The dazzling sequel to Odinn's Child and Swornbroter - here is the triumphant conclusion to this epic Viking adventure.
Constantinople, 1035: Thorgils has become a member of the Varagian lifeguard and witnesses the glories of the richest city on earth but also the murderous ways of the imperial family. Under the leader of warrior chief Harald Sigurdsson, he is set up as the unwitting bait in a deadly abush to destroy Arab pirates harassing the Byzantine shipping lanes in the Mediterranean, and later joins a campaign to recover Sicily from the Saracens.
When Harald eventually ascends the throne of Norway, Thorgils is despatched on a secret mission to Duke William of Normandy with a plan to coordinate the twin invasions of England - Harald's Norsemen across the North Sea and William's Norsemans attacking across the Channel. On 19 September 1066 Harald's fleet of three hundred ships sail up the Ouse, confident of success, but a prophetic dream warns Thorgils that Duke William has duped his allies and the Norsemen are heading for disaster at Stamford Bridge. Thorgils embarks upon a race against time to reach Harald and warn him before the battle begins, But will Odinn's devout follower really be able to anticipate what fate has decreed and save the heritage of his Viking ancestors?
In Viking - King's Man Tim Severin delivers with immaculate craftsmanship he dramatic conclusion to Thorgils Leifsson's travels through an ancient world brimming with iconic mythology and unforgettable Viking sagas.
I was dissappointed with this book due to over half of it being set in the Constantinople/Mediterranian area. I would have liked to have seen more in the Norse area of Europe.
I felt the author rushed the end of this book to get it finished. However that's just my opinion, other readers may see it in a different light.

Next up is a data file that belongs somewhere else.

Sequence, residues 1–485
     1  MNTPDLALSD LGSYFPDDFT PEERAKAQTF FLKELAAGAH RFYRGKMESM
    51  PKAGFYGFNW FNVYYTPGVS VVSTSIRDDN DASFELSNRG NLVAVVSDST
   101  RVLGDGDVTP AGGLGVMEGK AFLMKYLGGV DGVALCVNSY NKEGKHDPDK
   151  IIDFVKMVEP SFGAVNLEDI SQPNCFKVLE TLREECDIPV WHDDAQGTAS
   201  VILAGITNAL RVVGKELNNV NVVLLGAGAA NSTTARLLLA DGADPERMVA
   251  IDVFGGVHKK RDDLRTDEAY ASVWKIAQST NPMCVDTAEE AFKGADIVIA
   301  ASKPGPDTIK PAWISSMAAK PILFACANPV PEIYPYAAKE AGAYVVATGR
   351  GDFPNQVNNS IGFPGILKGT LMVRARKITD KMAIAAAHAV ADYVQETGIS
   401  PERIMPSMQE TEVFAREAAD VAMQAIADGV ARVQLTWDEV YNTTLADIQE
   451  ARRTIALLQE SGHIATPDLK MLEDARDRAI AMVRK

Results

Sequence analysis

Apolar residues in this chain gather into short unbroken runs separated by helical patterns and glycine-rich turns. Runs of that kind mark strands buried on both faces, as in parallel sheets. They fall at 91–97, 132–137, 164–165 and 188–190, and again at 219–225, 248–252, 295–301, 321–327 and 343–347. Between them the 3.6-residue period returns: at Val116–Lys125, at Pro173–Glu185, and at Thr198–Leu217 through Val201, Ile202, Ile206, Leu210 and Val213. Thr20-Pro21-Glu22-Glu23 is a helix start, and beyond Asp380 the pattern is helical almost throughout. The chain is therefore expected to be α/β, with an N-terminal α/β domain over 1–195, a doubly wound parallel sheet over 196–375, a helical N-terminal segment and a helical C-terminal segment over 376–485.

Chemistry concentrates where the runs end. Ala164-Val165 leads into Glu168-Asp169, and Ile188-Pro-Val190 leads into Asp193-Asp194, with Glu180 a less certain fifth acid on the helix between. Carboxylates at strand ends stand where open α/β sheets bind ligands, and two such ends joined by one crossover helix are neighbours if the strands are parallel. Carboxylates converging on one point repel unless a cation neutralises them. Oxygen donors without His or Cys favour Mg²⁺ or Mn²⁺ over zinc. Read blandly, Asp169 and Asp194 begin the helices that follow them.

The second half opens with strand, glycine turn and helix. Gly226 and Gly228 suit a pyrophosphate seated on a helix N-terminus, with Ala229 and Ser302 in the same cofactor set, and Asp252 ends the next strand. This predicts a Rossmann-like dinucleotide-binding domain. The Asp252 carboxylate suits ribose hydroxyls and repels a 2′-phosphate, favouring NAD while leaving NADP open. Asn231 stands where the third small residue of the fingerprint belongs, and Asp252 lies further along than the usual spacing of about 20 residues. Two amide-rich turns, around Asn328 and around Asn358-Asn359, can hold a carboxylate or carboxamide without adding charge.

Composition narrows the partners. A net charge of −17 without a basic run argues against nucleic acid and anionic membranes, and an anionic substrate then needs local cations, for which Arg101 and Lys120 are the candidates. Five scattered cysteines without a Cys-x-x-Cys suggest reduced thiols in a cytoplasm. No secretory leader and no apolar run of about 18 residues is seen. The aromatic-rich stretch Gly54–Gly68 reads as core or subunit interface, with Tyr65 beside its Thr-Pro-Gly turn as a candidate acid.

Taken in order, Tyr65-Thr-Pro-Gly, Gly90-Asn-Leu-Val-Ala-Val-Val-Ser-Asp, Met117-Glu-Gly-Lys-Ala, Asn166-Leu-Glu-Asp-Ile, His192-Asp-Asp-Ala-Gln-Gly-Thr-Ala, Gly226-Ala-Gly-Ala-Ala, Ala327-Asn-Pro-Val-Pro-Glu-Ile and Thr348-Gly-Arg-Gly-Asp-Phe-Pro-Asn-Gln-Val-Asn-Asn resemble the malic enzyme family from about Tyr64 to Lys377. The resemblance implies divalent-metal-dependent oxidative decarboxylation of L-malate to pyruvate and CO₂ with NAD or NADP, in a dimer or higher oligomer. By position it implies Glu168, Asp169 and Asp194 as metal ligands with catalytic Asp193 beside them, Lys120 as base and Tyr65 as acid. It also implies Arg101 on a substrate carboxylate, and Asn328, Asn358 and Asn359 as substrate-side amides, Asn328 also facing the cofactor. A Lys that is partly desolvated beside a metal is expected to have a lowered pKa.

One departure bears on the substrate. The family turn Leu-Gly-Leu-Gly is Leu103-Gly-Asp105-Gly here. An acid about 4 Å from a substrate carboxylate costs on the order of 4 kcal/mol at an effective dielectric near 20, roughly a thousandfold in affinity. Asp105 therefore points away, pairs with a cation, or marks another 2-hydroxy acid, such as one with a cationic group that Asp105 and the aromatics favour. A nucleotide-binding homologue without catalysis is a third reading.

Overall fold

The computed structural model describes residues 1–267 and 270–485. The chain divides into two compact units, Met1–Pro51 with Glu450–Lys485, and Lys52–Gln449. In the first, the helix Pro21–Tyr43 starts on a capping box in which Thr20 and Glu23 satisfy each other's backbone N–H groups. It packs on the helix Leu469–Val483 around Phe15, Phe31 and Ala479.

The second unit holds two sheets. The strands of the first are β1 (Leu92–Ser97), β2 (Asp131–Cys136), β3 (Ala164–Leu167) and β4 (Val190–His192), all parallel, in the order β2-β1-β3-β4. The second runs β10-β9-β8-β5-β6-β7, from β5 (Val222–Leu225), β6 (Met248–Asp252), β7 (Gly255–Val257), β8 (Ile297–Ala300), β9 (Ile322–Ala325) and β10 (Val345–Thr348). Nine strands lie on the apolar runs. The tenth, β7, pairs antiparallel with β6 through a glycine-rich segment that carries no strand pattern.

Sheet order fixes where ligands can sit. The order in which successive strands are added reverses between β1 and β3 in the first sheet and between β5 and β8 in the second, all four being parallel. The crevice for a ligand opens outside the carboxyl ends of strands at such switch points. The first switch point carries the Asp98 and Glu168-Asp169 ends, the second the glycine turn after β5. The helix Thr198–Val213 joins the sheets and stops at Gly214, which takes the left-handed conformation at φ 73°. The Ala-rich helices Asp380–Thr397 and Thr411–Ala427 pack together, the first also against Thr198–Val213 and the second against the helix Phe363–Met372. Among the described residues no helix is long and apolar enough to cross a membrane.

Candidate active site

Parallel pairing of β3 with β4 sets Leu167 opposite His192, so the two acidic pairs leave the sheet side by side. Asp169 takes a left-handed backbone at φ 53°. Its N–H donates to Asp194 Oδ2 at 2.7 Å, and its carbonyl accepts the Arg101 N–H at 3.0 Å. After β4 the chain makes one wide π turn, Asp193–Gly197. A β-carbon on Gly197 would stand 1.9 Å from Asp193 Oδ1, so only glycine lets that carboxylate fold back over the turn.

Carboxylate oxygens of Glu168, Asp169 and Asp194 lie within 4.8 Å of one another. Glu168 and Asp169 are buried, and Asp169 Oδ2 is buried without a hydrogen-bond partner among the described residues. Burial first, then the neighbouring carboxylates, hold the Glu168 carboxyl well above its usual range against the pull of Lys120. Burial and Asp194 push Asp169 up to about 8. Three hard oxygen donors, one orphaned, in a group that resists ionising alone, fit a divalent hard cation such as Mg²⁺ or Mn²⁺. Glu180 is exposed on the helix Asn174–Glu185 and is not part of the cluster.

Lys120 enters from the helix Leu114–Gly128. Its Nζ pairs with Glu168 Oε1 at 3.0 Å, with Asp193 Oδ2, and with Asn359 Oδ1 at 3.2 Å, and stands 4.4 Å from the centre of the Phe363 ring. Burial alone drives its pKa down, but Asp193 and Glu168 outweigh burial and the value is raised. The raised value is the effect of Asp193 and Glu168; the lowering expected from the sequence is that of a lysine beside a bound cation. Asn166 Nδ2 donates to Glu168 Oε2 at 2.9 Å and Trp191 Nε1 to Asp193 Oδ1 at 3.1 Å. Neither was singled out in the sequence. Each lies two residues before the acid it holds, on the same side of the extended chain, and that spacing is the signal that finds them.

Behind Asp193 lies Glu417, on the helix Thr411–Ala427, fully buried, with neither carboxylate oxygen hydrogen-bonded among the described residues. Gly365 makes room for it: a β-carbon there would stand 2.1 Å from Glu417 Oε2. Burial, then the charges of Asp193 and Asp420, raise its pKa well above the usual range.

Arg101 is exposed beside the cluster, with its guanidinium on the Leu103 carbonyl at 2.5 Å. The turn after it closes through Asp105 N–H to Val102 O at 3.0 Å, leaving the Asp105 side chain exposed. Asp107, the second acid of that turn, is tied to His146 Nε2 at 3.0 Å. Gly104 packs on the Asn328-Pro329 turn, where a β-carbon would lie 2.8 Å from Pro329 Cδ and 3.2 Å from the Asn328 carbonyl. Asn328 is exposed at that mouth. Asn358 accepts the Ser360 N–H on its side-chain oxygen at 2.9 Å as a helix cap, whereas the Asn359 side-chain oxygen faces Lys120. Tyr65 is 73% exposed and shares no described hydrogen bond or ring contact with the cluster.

The author was very descriptive in the Middle East half of the book, and the emperor's court in Constantinople.
King's Man picks up the story of Thorgils from where he was left at the end of Sworn Brother. This time Thorgils is acting as an advisor to Kings. Harald, the king of Norway comes to Constantinople and Thorgils comes into his employ. Thorgils tries his hardest to convince Harald to keep to the old Gods and not succumb to the influence of Christianity.
This novel throws together what little is known of the dark ages and its remaining civilisation. Through fact and fiction this is the tale of Thorgils the wanderer as he becomes a pawn to men of the time.
This story shows the vast variety of living standards, means of warfare and the coming domination of religious power that had evolved since the collapse of civilisation during the Roman era and the dark ages since.
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"Character - the willingness to accept responsibility for one's own life - is the source from which self respect springs."
Joan Didion (1934 - ), 'Slouching Towards Bethlehem'